The command to run is: Changes Donald Sax’s name to Don Sax.
Notice we used the primary key Sales Person ID to filter the row.
You can get started using these free tools using my Guide Though this article uses the Adventure Works database for its examples, I’ve decided to create an example table for use within the database to help better illustrate the examples. Also, let’s initially populate the table with some data using the following INSERT statement: You can learn more about the INSERT statement by reading our article Introduction to the INSERT Statement.
The UPDATE statement is used to change column values.
The general form to use is: contains the update values; we use joins to do the matching.
Let suppose that someone has accidentally updated all esql Sales Person. How can we easily repopulate this data without having to retype it in?
The UPDATE statement is used to change data within columns of a SQL Server data table.
In this article we’ll explore how to use the UPDATE statement.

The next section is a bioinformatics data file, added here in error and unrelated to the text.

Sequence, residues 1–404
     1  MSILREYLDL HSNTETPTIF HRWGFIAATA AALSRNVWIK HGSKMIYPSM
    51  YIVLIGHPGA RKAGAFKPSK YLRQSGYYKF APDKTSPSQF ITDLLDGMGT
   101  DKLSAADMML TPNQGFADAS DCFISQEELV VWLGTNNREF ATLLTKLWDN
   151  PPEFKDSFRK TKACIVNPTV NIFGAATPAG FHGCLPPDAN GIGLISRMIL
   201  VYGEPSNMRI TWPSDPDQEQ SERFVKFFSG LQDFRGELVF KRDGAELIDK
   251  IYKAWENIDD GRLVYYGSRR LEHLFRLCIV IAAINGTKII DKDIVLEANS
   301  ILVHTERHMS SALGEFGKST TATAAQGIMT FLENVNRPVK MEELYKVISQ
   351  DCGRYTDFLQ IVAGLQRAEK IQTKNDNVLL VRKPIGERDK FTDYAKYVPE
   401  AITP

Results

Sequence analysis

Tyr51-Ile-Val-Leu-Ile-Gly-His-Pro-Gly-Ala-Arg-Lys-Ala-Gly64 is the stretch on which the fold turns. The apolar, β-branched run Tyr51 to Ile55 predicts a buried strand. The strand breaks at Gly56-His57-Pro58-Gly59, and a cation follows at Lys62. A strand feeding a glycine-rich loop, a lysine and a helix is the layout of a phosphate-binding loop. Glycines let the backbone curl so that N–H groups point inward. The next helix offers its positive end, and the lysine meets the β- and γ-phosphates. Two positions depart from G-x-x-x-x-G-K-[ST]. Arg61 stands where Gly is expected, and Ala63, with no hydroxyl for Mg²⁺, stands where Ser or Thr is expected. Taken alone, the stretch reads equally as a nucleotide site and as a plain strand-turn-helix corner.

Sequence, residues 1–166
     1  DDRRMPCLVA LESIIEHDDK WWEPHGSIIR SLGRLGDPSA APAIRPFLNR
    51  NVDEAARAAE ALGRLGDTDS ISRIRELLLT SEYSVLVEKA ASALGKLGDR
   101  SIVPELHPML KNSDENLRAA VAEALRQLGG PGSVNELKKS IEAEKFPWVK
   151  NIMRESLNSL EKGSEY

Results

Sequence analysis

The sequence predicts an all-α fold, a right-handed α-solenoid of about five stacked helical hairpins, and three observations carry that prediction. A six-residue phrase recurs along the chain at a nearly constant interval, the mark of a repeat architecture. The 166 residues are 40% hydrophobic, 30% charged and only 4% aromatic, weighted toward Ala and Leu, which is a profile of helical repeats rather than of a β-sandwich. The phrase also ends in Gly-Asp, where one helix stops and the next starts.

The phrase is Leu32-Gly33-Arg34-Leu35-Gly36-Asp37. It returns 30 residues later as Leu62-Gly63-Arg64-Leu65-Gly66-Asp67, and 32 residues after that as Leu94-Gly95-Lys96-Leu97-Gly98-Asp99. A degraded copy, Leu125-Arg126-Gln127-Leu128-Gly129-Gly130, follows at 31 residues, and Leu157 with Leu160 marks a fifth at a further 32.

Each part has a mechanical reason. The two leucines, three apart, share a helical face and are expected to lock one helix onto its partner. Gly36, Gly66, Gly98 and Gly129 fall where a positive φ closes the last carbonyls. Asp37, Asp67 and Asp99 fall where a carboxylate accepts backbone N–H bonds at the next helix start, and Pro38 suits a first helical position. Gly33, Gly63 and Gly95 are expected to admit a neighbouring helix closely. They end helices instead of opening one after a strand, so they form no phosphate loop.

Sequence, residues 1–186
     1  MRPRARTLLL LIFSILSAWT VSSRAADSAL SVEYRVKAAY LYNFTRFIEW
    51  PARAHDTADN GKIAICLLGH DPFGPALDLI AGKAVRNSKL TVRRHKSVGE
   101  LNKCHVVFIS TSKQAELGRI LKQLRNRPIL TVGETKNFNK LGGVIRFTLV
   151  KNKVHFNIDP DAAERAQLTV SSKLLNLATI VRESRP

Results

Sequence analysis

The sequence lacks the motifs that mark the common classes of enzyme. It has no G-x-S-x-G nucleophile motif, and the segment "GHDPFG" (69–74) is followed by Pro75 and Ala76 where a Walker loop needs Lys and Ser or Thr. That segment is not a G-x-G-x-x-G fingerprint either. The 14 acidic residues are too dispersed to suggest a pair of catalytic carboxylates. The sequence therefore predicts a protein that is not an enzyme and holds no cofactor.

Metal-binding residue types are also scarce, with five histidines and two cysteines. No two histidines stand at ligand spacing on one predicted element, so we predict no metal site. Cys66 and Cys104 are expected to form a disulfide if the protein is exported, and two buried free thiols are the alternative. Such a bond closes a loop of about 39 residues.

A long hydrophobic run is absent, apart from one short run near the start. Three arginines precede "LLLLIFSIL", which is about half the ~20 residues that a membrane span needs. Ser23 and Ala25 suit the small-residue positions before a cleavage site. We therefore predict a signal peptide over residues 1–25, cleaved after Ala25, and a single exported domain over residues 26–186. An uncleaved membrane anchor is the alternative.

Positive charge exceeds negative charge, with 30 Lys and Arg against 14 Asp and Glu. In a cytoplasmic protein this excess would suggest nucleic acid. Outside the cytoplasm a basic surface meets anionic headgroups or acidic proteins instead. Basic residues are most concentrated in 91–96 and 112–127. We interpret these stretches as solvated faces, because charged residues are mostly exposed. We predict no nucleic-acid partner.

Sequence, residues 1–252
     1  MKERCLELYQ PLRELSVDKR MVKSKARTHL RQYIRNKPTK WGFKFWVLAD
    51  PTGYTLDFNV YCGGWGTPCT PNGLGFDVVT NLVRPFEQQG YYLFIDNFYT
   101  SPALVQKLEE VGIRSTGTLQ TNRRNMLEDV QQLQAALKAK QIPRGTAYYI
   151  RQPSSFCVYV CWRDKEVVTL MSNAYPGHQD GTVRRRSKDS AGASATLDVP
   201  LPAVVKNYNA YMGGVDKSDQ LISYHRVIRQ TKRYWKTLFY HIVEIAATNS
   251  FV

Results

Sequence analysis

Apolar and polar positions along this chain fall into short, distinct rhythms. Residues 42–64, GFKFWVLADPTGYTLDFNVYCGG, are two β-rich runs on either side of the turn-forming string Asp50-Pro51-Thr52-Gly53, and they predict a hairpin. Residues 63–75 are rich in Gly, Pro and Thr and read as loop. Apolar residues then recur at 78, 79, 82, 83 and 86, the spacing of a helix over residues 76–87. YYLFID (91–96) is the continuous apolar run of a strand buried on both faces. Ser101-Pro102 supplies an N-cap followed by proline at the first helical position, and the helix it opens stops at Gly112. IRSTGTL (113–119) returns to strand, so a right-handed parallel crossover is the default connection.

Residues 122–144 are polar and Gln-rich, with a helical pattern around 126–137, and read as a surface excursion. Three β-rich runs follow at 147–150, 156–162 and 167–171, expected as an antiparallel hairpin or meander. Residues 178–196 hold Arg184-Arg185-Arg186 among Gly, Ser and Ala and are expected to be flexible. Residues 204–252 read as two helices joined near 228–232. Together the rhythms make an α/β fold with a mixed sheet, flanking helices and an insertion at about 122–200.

The lock is held in place until the update statement completes.
Recall the INNER JOIN clause is used to match the rows from one table to another using a join condition. The complete script to run to log the output into a temporary table is: This statement defines a table with three columns and names the table variable @Update Log.
The reason we’re using a table variable is temporary and will be removed once query session is closed.
We discuss some best practices, limitations, and wrap-up with several examples. You can start at the beginning by reading Introduction to SQL Server Data Modification Statements.
All the examples for this lesson are based on Microsoft SQL Server Management Studio and the Adventure Works2012 database.